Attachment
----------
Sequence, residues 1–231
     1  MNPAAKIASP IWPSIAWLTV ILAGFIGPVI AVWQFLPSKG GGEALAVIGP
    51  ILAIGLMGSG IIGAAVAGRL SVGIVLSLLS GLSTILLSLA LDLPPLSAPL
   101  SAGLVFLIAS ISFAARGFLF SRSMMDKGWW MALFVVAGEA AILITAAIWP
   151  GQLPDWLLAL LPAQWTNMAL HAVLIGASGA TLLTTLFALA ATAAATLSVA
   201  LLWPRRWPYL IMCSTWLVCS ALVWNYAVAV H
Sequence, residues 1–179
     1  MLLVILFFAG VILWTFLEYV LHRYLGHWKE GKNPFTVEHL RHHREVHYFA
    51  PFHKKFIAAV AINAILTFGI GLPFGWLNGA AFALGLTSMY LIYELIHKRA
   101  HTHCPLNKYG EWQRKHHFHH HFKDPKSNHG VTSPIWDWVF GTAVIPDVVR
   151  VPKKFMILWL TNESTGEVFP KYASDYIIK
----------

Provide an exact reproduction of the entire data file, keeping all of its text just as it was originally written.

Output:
Sequence, residues 1–231
     1  MNPAAKIASP IWPSIAWLTV ILAGFIGPVI AVWQFLPSKG GGEALAVIGP
    51  ILAIGLMGSG IIGAAVAGRL SVGIVLSLLS GLSTILLSLA LDLPPLSAPL
   101  SAGLVFLIAS ISFAARGFLF SRSMMDKGWW MALFVVAGEA AILITAAIWP
   151  GQLPDWLLAL LPAQWTNMAL HAVLIGASGA TLLTTLFALA ATAAATLSVA
   201  LLWPRRWPYL IMCSTWLVCS ALVWNYAVAV H
Sequence, residues 1–179
     1  MLLVILFFAG VILWTFLEYV LHRYLGHWKE GKNPFTVEHL RHHREVHYFA
    51  PFHKKFIAAV AINAILTFGI GLPFGWLNGA AFALGLTSMY LIYELIHKRA
   101  HTHCPLNKYG EWQRKHHFHH HFKDPKSNHG VTSPIWDWVF GTAVIPDVVR
   151  VPKKFMILWL TNESTGEVFP KYASDYIIK